In Breaking, the knee, the ankle and the hip are injury-prone parts of the body of a bboy and a bgirl. It is really important to get your lower extremities prepared to handle the high impact moves in Breaking. Read below to learn about injury prevention, cause of injury and get some advice.
I) INJURY PREVENTION
To prevent injuries of the lower extremities it is important to train proprioception, balance and strength. Proprioception is one’s own individual perception, the sense of the relative position of neighbouring parts of the body and strength of effort being employed in movement. It is provided by proprioceptors in our muscles and joints.
It is important not only to train the strength of the muscles. Also train the intramuscular coordination! This means that the muscle knows when to contract and when to release.
To get a better balance, it’s important to train the coordination in order to stimulate the receptors in the knee. We have lots of receptors in the knee joint. Receptors are special nerve cells that can receive stimulus and give it to the central nerve system. With a trauma it can happen that some receptors don’t work anymore. So the interaction of the central nerve system and the muscle is disturbed. The consequence of this is that the responsiveness of the muscle decreases. Because of this the movements, balance and coordination of the body also decreases.
In the video THE BREAKER’S LOWER EXTREMITIES you can see some exercises to prevent knee, ankle and hip injuries.
Check out the video and you are going to learn:
- How to improve your proprioception and balance
- How to strengthen the lower extremities
- How to stretch the quadriceps muscle and the hamstrings safely and effectively
- How to stretch also your neurodynamic system
- How to warm up your hip muscles adequately to prevent groin pain
- How to strengthen and stretch your hip muscles
II) CAUSE OF INJURY
There are different causes of lower extremity injuries.
Most of the knee injuries in urban dancers happen because of the “stop and go movements”. A “stop and go movement” is when you are moving quickly in one direction, suddenly stop and then quickly change your move into the other direction. This provokes a lot of rotation in the knee and this way the structure suffers.
Another reason for injuries in the knee is because there are lots of movements concerning weight loading in a maximal flexion of the knee. This happens a lot in the crouched position when doing footwork.
The transition from the standing position into the footwork position is another movement that can lead to injuries. Try to go down with control and have stabilisation in your knee the whole time!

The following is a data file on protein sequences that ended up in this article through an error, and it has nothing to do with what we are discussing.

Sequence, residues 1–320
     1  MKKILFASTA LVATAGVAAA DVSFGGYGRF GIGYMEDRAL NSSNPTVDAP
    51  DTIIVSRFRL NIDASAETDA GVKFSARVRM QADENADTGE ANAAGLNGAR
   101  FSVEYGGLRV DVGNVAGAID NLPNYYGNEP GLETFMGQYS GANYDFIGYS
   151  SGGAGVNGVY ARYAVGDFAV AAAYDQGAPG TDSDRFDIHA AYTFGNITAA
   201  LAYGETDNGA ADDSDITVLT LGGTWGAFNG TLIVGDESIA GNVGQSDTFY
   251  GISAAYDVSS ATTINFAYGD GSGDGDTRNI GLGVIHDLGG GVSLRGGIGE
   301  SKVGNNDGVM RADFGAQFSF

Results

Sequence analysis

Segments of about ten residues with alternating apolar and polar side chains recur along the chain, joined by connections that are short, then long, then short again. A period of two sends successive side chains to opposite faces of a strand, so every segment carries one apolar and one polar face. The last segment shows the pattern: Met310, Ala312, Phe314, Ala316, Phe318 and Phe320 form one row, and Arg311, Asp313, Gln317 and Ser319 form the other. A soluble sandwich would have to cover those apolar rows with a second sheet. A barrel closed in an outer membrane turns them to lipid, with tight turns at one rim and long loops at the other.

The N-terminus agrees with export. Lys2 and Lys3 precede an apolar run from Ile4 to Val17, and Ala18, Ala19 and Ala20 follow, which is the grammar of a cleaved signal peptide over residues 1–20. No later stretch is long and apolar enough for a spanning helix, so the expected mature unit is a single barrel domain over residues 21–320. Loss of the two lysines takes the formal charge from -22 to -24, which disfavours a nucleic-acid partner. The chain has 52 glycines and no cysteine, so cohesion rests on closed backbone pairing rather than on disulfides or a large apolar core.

A lot of injuries happen also because of bad technique, such as receiving hits on the knees due to accidents or crashing onto the floor. When you still don’t know how to do a move completely, try to use protection such as knee pads or train on a gymnastic mattress.
The cause of the typical groin pain which most bboys and bgirls get due to power moves like windmills, flair or airflair is because of a muscular weakness. The foot in windmills is being torn outside of the centrifugal force and the adductor muscle is too weak to resist. We have to specifically strengthen the beginning of the adductor muscles.
III) PHYSIOTHERAPY ADVICE
Try to balance your body weight. During footwork shift your body weight to get balance between your weight placed on your hands and feet. If you have your body weight placed more on your feet, your knees are going to suffer. If it is more towards your hands, your shoulder won’t like that.
Another advice is to do those moves you are able to do and which suit the anatomy of your body. Imagine you want to do a W. For this move you need a lot of internal rotation. If you don’t have enough internal rotation in the hip, work on other movements that better fit your body.
It is really important to warm up the hip muscles properly before doing power moves, especially when you have already got problems in the groin area. Swing your leg straight into flexion and extension. Try to stabilise your lower back and don’t get into a hyperlordosis. Also do swings to the side. You can change going from the front of your supporting leg to the back of it. Repeat this exercise until you feel properly warmed up.
Published in Collaboration with Urban Dance Heath
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